The Supreme Court and Federal Indian Policy

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In this article, I identify a disconnect between the national policy relating to Indian affairs as established by Congress and the Executive branch and as interpreted by the Supreme Court. The Court recently decided a case called United States v. Lara, which involved an attempt by Congress to reign in the Court's common law jurisprudence relating to tribal criminal jurisdiction. What makes this case unusual was that some Members of the Court, as well as a large body of federal Indian law scholars, cannot find textual support for Congress's actions relating to tribal affairs and explicitly question whether Congress has any authority at all in this area. Though the Lara Court upheld the Act of Congress at issue, four Members of the Court (excluding Justice O'Connor) either dissented or ruled in favor of the United States solely because of a procedural technicality. In short, very little was decided in Lara. My article proposes a test whereby the Court follow a suggestion made by Justice Thomas (one of the four) to ignore Congress's legislation relating to tribal affairs, which may or may not be constitutionally authorized, but to focus instead on the explicit statements of federal Indian policy. This test avoids the constitutional questions while providing the Court a relatively simple means to decide its Indian cases. As Indian cases on tribal jurisdiction and taxation authority reach the Court in disproportionate numbers, this article should sharpen discussion on a frequently misunderstood area of constitutional law.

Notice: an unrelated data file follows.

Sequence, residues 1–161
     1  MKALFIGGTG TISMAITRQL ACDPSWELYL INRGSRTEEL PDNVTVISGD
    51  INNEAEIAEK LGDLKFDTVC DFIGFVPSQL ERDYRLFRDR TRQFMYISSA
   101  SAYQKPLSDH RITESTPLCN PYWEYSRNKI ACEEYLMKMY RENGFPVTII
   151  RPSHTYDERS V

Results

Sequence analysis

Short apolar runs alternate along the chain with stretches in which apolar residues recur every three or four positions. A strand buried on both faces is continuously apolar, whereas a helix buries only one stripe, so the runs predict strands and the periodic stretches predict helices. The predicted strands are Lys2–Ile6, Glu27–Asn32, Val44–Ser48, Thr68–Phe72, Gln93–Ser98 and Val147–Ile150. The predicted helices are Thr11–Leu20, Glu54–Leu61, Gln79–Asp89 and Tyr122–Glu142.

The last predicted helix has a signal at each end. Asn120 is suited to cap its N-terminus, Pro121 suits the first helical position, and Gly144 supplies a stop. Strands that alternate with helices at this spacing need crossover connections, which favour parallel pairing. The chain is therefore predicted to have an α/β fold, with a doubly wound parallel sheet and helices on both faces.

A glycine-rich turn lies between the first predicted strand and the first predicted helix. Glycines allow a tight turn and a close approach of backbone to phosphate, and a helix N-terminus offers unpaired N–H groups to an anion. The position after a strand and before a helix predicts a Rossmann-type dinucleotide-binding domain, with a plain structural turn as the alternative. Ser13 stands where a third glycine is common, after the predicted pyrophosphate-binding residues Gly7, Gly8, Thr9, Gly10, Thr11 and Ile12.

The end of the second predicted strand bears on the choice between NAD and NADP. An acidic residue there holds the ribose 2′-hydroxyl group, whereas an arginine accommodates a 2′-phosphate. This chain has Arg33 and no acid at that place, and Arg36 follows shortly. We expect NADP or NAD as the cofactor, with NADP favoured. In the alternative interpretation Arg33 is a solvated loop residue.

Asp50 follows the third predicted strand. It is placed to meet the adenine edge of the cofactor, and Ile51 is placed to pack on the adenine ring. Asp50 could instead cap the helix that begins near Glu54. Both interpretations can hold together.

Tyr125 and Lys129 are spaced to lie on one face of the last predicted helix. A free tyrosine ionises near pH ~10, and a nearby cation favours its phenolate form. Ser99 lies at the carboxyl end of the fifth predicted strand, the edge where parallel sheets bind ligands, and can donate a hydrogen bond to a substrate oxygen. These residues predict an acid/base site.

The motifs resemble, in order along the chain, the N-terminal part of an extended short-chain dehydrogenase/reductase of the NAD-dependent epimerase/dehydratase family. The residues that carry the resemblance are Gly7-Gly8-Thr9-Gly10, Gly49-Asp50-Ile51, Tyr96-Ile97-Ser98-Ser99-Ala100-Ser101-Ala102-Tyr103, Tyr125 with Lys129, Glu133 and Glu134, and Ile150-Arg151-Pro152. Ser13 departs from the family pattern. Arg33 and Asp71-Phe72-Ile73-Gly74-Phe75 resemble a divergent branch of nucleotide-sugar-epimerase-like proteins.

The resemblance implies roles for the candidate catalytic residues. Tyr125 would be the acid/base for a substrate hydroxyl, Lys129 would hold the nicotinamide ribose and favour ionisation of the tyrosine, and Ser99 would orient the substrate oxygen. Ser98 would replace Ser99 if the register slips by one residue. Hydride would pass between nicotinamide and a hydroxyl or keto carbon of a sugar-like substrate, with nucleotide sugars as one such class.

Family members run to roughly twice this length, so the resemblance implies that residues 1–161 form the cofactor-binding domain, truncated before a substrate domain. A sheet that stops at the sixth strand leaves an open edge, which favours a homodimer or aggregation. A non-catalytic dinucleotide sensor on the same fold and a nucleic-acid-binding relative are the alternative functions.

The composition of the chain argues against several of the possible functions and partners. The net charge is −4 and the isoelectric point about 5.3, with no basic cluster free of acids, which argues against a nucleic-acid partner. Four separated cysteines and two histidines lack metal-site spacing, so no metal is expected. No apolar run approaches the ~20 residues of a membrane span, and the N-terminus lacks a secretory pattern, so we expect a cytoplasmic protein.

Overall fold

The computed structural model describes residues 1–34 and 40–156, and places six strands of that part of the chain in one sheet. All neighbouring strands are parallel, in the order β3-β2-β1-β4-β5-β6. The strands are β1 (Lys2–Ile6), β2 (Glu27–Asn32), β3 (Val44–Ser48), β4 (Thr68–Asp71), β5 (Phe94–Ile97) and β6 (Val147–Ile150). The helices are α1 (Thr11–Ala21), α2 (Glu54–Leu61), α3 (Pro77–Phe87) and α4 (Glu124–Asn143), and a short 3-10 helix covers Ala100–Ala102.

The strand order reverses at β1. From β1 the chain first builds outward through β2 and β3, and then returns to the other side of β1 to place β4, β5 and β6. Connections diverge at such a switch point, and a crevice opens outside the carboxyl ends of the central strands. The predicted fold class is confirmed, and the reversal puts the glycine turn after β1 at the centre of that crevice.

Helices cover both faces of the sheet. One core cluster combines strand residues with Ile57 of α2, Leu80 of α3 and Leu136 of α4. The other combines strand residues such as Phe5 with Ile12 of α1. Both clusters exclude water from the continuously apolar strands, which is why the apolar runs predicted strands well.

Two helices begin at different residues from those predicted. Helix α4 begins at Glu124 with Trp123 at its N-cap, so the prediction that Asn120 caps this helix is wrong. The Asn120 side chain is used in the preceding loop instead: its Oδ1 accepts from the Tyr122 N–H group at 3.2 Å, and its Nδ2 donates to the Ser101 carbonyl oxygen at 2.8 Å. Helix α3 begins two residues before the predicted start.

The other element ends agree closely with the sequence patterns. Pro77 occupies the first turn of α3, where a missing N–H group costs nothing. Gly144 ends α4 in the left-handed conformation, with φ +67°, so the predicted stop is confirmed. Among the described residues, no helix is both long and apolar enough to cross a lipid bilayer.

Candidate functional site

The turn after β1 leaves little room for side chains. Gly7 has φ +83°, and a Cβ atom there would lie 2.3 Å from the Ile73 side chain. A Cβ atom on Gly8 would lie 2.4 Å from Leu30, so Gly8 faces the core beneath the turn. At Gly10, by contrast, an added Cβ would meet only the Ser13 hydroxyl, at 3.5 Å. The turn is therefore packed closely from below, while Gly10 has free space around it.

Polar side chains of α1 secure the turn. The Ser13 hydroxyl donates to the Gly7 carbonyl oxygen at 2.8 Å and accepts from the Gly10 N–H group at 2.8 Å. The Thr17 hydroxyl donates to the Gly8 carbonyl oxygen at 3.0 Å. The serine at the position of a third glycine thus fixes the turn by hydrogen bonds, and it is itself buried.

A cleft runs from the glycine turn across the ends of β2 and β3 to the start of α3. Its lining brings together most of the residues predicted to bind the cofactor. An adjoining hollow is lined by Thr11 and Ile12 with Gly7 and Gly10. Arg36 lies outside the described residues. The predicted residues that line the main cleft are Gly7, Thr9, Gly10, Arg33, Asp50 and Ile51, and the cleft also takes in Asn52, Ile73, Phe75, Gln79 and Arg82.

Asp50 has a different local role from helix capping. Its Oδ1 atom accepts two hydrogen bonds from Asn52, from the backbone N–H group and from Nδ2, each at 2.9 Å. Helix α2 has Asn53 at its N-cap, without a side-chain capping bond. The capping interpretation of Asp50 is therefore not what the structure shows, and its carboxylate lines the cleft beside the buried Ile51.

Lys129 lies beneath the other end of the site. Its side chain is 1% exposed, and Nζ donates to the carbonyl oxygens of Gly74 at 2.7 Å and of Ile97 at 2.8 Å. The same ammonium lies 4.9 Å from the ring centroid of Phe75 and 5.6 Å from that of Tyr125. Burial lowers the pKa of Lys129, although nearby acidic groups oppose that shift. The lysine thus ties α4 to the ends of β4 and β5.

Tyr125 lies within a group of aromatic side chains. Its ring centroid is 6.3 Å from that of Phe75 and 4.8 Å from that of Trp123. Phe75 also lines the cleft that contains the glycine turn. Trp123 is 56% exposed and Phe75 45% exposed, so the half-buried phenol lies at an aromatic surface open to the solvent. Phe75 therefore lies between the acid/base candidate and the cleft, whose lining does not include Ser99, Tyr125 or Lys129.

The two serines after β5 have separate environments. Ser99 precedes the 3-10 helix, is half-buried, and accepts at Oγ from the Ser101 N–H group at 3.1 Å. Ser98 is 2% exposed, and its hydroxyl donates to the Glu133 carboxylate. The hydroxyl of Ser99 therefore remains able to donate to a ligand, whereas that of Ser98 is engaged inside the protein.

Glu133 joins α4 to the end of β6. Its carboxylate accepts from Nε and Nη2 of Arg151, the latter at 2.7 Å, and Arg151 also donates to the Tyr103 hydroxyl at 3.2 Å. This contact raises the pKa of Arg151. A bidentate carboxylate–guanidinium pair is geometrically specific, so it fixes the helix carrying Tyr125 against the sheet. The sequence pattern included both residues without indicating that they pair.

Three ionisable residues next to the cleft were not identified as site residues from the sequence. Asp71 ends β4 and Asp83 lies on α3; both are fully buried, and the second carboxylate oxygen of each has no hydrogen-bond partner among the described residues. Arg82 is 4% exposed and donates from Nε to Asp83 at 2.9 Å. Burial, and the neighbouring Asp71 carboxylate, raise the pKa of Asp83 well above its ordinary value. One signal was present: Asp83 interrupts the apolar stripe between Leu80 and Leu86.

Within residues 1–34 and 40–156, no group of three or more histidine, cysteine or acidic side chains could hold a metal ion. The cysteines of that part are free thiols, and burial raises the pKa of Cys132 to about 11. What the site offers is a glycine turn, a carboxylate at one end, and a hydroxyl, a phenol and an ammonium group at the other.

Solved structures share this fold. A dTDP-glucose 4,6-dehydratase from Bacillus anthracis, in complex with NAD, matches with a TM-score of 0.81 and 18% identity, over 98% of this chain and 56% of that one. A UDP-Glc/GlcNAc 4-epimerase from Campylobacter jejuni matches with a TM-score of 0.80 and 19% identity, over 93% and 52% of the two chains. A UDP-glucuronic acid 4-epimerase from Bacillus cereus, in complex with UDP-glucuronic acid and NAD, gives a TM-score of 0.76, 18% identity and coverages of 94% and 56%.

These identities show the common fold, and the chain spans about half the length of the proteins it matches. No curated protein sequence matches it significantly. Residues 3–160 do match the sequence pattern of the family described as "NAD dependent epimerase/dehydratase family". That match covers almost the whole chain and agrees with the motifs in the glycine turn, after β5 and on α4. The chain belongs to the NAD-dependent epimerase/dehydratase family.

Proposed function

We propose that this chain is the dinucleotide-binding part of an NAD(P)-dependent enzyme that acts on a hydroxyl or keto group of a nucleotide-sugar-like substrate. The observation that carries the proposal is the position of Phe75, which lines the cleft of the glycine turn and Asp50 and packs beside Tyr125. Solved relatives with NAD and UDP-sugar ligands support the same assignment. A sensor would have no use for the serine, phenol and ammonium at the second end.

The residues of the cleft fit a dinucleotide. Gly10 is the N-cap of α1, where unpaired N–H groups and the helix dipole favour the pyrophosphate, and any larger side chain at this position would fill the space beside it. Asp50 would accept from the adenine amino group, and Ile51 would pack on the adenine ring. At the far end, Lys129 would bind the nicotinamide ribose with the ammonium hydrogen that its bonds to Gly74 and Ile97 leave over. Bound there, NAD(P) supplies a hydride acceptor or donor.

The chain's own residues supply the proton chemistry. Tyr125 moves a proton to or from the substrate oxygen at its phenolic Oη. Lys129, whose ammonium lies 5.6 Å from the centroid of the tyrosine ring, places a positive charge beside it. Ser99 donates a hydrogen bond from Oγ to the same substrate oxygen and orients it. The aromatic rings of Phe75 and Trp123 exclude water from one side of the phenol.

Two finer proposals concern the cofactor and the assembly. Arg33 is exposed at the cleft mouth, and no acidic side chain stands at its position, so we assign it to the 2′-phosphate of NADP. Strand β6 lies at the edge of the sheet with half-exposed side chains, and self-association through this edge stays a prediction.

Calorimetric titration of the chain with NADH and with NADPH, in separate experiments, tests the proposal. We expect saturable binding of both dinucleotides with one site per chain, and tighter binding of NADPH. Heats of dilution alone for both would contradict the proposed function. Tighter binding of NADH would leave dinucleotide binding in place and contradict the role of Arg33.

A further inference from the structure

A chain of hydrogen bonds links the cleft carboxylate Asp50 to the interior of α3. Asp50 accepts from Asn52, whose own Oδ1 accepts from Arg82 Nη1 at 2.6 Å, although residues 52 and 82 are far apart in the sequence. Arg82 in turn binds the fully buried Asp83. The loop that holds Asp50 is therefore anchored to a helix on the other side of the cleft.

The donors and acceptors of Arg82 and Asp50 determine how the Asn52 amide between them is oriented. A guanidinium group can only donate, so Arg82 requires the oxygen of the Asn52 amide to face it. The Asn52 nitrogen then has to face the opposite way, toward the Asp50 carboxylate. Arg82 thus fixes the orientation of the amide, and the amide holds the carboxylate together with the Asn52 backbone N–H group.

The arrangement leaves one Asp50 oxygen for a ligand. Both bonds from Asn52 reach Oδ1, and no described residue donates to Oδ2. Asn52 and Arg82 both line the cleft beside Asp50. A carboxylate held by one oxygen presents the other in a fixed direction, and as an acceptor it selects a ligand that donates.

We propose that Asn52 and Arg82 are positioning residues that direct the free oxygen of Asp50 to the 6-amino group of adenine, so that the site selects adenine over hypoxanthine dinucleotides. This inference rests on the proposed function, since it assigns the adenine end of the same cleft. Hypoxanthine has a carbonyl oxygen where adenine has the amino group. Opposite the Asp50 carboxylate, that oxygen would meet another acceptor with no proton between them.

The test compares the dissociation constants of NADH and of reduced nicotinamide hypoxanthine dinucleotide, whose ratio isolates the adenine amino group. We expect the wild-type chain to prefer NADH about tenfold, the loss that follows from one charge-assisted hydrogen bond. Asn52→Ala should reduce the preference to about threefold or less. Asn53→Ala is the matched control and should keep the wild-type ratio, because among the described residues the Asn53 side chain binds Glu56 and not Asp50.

Work published when author not on Michigan Law faculty.